COMPARISON OF Eucalypt, Pine, AND SUGARCANE CELLULOSE FIBERS USED FOR PAPER PRODUCTION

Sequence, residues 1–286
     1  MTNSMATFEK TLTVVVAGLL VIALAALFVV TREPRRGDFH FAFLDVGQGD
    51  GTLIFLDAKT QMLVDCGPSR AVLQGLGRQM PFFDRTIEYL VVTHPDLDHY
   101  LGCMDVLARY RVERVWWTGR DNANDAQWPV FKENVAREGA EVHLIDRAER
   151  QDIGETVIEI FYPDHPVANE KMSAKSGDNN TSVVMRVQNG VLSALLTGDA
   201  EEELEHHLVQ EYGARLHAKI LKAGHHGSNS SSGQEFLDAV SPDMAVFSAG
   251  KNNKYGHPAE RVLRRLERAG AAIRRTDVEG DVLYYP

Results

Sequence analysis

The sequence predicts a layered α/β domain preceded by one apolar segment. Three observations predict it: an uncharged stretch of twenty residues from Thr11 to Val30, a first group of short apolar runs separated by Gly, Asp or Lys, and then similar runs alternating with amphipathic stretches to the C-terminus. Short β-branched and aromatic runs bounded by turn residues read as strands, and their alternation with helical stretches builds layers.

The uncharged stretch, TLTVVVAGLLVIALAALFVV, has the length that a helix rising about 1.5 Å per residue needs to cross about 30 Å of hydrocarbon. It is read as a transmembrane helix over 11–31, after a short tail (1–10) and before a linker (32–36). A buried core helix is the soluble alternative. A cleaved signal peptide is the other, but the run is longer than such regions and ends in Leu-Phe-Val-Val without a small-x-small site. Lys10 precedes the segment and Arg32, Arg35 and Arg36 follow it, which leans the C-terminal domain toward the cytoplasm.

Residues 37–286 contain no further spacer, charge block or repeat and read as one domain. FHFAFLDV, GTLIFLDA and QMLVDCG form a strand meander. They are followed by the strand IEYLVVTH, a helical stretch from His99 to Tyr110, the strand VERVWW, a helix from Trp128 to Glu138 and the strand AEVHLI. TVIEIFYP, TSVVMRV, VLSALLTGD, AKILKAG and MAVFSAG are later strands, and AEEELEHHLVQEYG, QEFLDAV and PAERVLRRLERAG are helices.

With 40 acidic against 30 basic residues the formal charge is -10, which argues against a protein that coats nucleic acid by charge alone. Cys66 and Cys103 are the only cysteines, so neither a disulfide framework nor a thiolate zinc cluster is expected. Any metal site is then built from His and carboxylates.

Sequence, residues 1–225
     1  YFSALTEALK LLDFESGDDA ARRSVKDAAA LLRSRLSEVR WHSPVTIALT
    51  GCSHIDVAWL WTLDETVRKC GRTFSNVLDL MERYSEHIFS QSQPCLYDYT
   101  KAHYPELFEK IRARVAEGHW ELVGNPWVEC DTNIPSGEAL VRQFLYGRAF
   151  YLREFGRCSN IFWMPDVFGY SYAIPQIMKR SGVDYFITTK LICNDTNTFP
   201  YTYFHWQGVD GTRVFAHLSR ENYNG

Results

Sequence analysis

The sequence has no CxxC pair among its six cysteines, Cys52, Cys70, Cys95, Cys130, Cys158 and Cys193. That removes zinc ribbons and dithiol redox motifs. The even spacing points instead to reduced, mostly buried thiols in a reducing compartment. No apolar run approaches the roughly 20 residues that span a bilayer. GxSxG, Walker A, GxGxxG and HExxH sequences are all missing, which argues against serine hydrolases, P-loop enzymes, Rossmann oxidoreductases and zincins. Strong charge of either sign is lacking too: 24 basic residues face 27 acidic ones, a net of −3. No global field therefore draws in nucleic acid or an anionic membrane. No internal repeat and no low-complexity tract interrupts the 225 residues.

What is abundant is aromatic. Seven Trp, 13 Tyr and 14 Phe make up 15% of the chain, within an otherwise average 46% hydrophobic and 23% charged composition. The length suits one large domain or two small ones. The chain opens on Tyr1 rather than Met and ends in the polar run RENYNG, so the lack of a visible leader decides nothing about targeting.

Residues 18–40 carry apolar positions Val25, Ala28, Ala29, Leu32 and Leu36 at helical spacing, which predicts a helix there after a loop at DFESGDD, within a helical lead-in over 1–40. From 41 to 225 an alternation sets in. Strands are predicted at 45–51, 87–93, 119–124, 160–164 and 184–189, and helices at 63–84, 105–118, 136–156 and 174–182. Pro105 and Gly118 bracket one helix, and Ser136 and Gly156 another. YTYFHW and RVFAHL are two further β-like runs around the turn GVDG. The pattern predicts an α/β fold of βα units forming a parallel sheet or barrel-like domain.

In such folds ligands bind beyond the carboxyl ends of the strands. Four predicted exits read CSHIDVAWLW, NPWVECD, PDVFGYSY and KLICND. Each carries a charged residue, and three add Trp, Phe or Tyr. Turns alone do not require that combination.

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Sugarcane bagasse, a waste material generated by the sugar-alcohol industry, is rich in lignocellulosic components such as cellulose and hemicellulose. The bagasse can be employed as a raw material in the pulp and paper industry, but is currently rarely used for this purpose, due to the availability of traditional sources such as Eucalyptus and Pinus. The objective of this work was to compare the physical and mechanical properties of papers produced using the cellulose extracted from sugarcane, Eucalyptus, and Pinus by the Kraft method. Four paper samples were produced using cellulose obtained from the following fiber sources: (I) 100% sugarcane bagasse; (II) 100% Eucalyptus; (III) 75% Eucalyptus + 25% Pinus; (IV) 75% sugarcane bagasse + 25% Pinus. Physical and mechanical tests were performed based on regulatory methodologies of the paper industry. The results indicated that the physical and mechanical characteristics of the paper produced from the sugarcane cellulose were similar to those of the traditional paper produced using Eucalyptus. Particular features such as good tearing resistance and tensile strength, as well as increased porosity and moisture, could be adjusted according to the intended use of the paper. Therefore, sugarcane bagasse can be considered a sustainable alternative to Eucalyptus and Pinus for the production of high quality paper, adding value to this agricultural residue.